Can Your Employer Refuse to Give You Time Off to Vote?
Good morning, sunshine, and happy Election Day!
Yes, today is the day we celebrate democracy and the right to exercise our civic duty. But if you're anything like me, this day also has you STRESSED TF OUT. There's so much to do and so little time before the polls close! What about traffic?! What about long lines?! What if it takes you longer than you expected and you're late to work and then everything is terrible?!
If your personal anxiety spiral is anything like mine, then there's good news: In most states, your employer is legally required to give you time to vote. But that said, there's no federal law protecting your job.
According to The American Federation of Labor and Congress of Industrial Organizations (AFL-CIO), “Though many states allow employees to have up to three hours off during the time the polls are open (the number of hours varies by state), nearly all of the states allow employers to refuse time off to vote.” Ugh.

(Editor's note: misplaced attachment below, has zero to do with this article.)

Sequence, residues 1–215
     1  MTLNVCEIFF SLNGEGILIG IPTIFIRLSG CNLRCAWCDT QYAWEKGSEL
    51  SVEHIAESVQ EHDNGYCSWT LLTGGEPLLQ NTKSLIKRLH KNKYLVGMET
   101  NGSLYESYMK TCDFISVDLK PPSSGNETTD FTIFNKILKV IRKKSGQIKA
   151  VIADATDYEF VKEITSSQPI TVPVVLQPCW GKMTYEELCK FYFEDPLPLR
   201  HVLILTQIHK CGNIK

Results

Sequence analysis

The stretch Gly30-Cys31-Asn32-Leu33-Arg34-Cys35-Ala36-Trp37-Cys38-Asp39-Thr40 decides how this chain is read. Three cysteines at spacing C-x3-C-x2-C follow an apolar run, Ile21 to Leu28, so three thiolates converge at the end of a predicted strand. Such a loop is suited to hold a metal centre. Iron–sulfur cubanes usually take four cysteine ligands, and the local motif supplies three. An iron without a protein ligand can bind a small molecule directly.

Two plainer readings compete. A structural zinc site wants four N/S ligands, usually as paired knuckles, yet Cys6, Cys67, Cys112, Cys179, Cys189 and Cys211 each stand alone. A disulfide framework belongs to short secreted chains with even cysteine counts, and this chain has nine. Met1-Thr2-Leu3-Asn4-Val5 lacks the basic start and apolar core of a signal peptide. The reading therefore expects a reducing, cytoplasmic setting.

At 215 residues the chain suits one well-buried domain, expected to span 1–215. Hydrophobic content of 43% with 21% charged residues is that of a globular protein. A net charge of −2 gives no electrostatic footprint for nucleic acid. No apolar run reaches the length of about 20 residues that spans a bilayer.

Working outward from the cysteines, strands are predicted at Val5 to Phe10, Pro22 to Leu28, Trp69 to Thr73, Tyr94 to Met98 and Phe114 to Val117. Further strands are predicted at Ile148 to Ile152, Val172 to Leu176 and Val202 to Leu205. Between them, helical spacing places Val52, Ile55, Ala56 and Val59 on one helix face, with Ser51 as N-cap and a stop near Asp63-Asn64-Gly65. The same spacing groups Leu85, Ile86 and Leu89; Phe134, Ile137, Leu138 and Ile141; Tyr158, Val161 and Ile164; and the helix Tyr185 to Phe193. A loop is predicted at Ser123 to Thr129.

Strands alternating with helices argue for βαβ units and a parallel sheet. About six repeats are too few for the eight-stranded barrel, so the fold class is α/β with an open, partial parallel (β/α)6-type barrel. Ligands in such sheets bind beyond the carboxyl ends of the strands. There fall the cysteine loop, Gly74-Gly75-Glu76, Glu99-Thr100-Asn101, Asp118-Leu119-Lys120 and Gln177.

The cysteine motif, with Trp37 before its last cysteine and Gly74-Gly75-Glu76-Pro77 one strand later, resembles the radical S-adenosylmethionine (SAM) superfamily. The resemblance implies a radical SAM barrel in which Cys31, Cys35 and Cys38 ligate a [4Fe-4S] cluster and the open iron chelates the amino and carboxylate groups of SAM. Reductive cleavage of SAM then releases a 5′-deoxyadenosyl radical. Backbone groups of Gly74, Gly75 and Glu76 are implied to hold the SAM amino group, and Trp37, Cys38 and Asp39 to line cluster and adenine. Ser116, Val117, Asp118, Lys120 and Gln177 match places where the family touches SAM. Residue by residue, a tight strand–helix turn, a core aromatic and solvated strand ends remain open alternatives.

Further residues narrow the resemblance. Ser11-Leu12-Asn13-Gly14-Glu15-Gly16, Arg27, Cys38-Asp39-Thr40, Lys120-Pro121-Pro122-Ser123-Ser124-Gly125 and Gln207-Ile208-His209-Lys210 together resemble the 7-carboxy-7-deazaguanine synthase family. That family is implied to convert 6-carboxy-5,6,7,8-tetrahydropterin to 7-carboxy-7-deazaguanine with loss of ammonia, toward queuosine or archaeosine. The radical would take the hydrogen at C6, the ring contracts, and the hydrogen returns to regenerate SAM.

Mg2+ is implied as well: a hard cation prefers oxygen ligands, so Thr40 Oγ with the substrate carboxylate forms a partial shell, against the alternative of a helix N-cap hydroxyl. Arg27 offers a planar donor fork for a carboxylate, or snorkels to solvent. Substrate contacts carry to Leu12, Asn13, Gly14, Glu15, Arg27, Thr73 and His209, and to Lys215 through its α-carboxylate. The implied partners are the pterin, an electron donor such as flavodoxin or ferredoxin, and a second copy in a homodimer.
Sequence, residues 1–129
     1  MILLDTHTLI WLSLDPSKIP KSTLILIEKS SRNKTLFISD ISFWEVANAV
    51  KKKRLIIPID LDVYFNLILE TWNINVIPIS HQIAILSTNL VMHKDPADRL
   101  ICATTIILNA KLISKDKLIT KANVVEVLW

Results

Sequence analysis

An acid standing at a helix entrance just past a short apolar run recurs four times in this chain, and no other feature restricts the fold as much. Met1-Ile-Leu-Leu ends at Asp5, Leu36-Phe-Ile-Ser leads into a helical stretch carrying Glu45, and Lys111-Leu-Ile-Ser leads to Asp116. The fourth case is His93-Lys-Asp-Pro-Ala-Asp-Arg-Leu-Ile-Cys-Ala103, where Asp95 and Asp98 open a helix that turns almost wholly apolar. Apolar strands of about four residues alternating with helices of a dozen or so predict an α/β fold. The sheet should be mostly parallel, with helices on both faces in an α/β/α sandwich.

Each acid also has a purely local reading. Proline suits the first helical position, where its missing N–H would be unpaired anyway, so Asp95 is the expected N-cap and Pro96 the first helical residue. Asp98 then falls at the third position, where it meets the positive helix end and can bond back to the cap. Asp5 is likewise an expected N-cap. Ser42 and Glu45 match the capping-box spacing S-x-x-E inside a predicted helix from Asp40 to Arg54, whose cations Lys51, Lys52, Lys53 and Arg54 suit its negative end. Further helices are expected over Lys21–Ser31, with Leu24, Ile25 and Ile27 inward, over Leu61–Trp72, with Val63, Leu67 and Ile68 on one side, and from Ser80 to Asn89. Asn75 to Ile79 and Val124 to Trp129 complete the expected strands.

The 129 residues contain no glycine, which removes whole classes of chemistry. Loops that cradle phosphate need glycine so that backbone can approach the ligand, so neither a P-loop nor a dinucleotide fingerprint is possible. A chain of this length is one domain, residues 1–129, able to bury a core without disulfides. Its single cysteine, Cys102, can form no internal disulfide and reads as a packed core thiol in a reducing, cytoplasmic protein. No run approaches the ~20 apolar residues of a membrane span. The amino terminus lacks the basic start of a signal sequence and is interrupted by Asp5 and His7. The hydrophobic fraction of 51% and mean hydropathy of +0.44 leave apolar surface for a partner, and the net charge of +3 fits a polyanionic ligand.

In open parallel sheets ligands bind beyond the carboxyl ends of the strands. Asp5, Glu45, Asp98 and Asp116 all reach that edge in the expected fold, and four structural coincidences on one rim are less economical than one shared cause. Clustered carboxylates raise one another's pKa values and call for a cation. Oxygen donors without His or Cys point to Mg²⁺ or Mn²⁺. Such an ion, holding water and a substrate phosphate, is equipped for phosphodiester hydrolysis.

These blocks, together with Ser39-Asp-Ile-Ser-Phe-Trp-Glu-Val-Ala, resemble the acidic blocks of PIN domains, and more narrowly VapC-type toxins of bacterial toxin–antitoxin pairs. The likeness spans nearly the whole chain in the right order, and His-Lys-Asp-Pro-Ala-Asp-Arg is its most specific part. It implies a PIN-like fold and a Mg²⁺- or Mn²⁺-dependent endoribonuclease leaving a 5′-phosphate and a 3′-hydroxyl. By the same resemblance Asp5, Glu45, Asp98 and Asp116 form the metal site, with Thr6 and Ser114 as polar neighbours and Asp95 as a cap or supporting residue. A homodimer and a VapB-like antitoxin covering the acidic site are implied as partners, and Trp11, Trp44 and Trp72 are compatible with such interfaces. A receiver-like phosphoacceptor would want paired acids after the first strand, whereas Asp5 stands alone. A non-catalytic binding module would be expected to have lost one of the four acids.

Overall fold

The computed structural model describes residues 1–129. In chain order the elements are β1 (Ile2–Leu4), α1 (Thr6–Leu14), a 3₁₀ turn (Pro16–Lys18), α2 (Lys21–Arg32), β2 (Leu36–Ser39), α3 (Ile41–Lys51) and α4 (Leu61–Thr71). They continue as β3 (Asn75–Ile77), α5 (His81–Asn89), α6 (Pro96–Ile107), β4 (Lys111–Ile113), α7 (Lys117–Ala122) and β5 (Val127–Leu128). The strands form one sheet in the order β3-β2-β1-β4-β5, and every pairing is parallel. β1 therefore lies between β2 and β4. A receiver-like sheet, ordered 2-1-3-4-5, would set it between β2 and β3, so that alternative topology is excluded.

For example, in Minnessota, "Time off is required, but no specific limit is listed as long as the time available is 'sufficient' time to vote." In Kentucky, workers are granted 4 hours, "however, the employer may specify the times between which the employee may leave work to vote. The employer cannot penalize the employee for taking time to vote, unless the person does not actually vote and does not have a valid reason for not voting."
To find out the specifics of the law in your state, including how they affect hourly workers, click here.
Given the high stakes of this election — which is one of the most expensive and most diverse in history — we have a feeling your boss will be feeling extra lenient. Remember how the 2016 election was decided by less than 100,000 votes? Mhmm, that means that every vote counts. Your vote counts — a helpful talking point.
However, if for some reason your boss does put a fight, quadruple check to see if the law is on your side. And make sure you get to your polling place (which you can look up here) before it closes (find that information here). We can’t guarantee that your candidate will win, but we can guarantee that your voting sticker selfie will get you a substantial amount of likes.
So get out there, get in line and change your iPhone work email signature to "Sent from My Polling Place." And maybe look into early voting next year? Just a thought.